Guest post by Danielle Nierenberg and Sarah Small of Food Tank. The views expressed here are solely those of the authors and do not reflect the views of Food+Tech Connect.
Farmers around the world are aging rapidly. As many as 25 percent of farmers in the United States are 65 years or older and in Japan nearly half of all farmers are over the age of 70. Many young people have moved to urban areas and see farming as a punishment, not an opportunity. But, thanks to the growth in internet and mobile technologies, farmers, young and old alike, are finding ways to make small-scale farming more sustainable, resilient and profitable.
Innovations in agriculture don’t just come from veteran environmentalists or food industry heavyweights. In fact, youth around the world are creating inspiring projects and products that are changing how we grow, prepare and eat food.
Young entrepreneurs Jamila Abass, Susan Eve, and Linda-in Kenya created M-Farm, a technology tool for smallholder farmers to receive information on the retail price of their products. Farmers use SMS to buy farm inputs from manufacturers and connect to markets. Members can access market information and post in the online marketplace.
There are many more technologies and new designs that help open up farming as a career option for young people, as well as technologies that help eaters and consumers to make safe, healthy choices.
CORAF/WECARD (Central African Council for Agricultural Research and Development) is becoming a vehicle for West and Central African smallholder farmers to share innovations in agriculture. The organization has produced more than 70 short films (with more than 8,100 views on YouTube) featuring farmers who achieve advances in agricultural productivity and sustainability in their communities.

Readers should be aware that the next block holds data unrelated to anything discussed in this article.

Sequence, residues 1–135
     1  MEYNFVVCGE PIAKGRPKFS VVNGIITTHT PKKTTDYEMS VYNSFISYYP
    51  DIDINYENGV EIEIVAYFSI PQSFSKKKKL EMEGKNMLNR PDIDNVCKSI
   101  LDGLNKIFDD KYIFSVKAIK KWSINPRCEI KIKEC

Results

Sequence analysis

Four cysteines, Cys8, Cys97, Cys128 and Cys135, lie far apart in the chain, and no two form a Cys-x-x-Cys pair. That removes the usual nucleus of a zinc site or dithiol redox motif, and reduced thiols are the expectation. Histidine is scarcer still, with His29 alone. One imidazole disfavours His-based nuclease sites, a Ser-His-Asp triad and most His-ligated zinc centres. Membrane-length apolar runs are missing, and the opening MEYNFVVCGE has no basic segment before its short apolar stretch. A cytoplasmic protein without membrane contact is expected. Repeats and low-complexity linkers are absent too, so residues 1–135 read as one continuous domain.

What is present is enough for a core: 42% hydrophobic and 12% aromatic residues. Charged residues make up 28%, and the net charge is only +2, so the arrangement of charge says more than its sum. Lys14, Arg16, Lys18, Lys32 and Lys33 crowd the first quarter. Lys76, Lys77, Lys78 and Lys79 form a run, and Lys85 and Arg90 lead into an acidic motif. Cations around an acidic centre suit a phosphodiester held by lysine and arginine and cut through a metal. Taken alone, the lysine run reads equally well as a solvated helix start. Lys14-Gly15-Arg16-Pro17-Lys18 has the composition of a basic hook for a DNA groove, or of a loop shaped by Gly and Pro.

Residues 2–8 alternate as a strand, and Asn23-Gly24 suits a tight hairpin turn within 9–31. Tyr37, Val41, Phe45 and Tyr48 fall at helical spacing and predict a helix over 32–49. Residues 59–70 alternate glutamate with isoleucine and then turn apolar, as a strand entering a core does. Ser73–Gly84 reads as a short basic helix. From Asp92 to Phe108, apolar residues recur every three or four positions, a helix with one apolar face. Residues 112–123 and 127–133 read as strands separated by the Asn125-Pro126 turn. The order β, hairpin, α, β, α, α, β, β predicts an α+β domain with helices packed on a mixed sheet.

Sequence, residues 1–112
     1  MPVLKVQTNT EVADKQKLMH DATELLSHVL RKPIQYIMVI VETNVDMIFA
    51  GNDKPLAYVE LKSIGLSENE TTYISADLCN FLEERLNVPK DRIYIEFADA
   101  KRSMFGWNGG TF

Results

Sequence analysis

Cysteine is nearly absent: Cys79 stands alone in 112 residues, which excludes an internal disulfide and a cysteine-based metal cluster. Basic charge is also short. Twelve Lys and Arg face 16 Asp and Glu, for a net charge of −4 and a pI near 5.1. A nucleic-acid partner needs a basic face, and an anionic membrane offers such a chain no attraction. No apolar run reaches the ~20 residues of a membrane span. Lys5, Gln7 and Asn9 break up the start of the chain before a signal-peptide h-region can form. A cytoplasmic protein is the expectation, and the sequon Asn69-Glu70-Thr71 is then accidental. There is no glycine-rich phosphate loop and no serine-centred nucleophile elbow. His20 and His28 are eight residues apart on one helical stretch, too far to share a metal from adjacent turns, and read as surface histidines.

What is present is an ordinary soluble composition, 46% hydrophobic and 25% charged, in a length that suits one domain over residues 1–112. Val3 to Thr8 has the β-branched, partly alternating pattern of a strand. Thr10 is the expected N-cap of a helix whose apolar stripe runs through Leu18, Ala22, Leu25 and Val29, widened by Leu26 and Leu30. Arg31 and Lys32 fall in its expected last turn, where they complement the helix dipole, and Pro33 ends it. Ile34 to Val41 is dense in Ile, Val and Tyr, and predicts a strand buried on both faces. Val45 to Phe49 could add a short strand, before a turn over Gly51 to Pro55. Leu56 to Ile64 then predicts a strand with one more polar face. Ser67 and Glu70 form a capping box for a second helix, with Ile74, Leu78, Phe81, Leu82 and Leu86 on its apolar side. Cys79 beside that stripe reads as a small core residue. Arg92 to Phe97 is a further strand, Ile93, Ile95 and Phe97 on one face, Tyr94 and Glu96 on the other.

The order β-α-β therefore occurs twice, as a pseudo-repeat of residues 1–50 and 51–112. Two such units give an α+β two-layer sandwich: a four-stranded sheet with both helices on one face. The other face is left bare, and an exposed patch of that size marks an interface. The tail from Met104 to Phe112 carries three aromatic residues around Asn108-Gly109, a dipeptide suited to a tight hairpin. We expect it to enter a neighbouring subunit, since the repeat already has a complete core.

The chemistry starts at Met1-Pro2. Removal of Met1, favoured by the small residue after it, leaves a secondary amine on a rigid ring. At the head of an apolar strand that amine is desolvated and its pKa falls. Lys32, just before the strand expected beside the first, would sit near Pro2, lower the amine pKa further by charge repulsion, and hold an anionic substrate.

OneWorld South Asia is using mobile phones and voice technology to provide relevant farming information to more than 150,000 households in 1,000 villages. The program, LifeLines Agriculture, allows farmers, especially those that are illiterate, to use telephone kiosks or cell phones to call and ask questions. The farmer calls back within 24 to 72 hours to receive the answer to their question. More than 460,000 questions have been answered with the help of Field Coordinators.
FarmLogs, a farmer-founded company based in Ann Arbor, Michigan, helps farmers track important information. Using satellite images, FarmLogs maps farmers’ land to help them stay organized. The system has 10 years of rainfall history embedded, and farmers can check the current rainfall without having to go to their field. The technology also helps farmers know when crops are under heat stress. The information is cloud-based and synced in real-time, so the whole farm team is able to see up to date statistics.
Farm Hack is an open-source community for farmers to share knowledge. Community members share their homemade innovations in the Farm Hack forum. One user, WiM, shared a farmbicycle that manages weeds, planting and harvesting. Another user, Emily Hanson, submitted a prototype for a garden-swing-powered water pump that is able to pump 3 liters of water per minute. User pjenkins showed community members how to build a wheel hoe from old bike parts. These are low-cost solutions to challenges farmer face around the world.
Climate change presents complex challenges for farmers of all ages, but youth are eager to use information and communication technologies to gain access to community-driven networks. The Agroecological Intensification Exchange (AIEx), developed by the McKnight Foundation’s Collaborative Crop Research Program (CCRP), is an online platform which engages farmers, innovators, and researchers all over the world in conversations about farming innovation. Agroecological intensification aims at improving productivity and efficiency through better farm management, improved stability and diversity of yields and enhanced use of local resources. The site’s database, complete with case studies and research on topics from crop ecology to disease management, is a resource for practitioners and researchers in developing countries seeking to improve agricultural systems and adapt to the changing climate.